AMSTERDAM (Reuters) - The Netherlands has stepped up the monitoring of traffic crossing its frontiers, a government minister said on Monday, as countries across Europe move to tighten border controls in response to an unprecedented migration crisis.
The move follows a decision last September to deploy mobile border guard units along roads and railways lines to intercept migrants and separate them from asylum seekers.
“Those measures helped, but we were still seeing a rising number of smugglers being arrested, and you are seeing more people coming from safe countries, who aren’t eligible for asylum,” state secretary Klaas Dijkhoff told reporters.
The Netherlands received 200,000 immigrants last year, which fueled a backlash against immigration in a country that was once known for the generosity of its open-borders policy. In the 1960s, a period of high growth, the country opened its borders to migrant workers from Turkey and Morocco.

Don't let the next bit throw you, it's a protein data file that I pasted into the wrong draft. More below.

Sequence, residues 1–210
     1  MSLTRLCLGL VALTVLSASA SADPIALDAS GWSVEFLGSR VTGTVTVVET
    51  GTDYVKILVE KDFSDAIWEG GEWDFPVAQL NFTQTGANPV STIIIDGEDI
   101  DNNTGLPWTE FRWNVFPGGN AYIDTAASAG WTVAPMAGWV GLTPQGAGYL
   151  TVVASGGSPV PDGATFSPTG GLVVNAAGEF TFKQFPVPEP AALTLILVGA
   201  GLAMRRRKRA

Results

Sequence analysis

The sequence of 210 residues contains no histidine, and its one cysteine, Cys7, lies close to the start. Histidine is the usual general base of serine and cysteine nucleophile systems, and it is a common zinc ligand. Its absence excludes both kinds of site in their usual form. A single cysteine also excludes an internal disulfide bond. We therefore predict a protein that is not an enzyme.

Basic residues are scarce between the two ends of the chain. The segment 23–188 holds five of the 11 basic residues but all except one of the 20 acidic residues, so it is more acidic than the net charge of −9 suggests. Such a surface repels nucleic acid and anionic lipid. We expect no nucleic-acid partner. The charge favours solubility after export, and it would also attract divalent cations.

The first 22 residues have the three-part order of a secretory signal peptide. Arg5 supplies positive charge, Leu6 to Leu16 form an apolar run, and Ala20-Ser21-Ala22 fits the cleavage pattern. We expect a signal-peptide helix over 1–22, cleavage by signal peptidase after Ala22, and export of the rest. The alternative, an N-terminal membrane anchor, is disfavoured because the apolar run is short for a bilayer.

By slowing traffic as it crossed the border, border police would be better able to pick out vehicles that needed closer attention, Dijkhoff said. Last year, Dutch border police arrested 330 people on suspicion of people smuggling, 200 of them during mobile border checks.
The measures would mean that arrivals from safe countries and those who had made asylum applications in several countries could be told there was no point in going further, he said.
Safe countries are designated under European rules, meaning migrants from those countries cannot claim asylum on the grounds of war or the risk of oppression or torture.
The aim was not to reimpose border controls as Europe seeks a solution to the crisis, Dijkhoff said. “We want to reach a deal with Greece and Turkey to close the borders, but until that happens we will have to take our own measures.”
The vast stream of migrants fleeing war and poverty in the Middle East has forced countries across the European Union to impose extraordinary protective measures, placing the bloc’s passport-free Schengen zone under pressure.
Reporting by Thomas Escritt; Editing by Alison Williams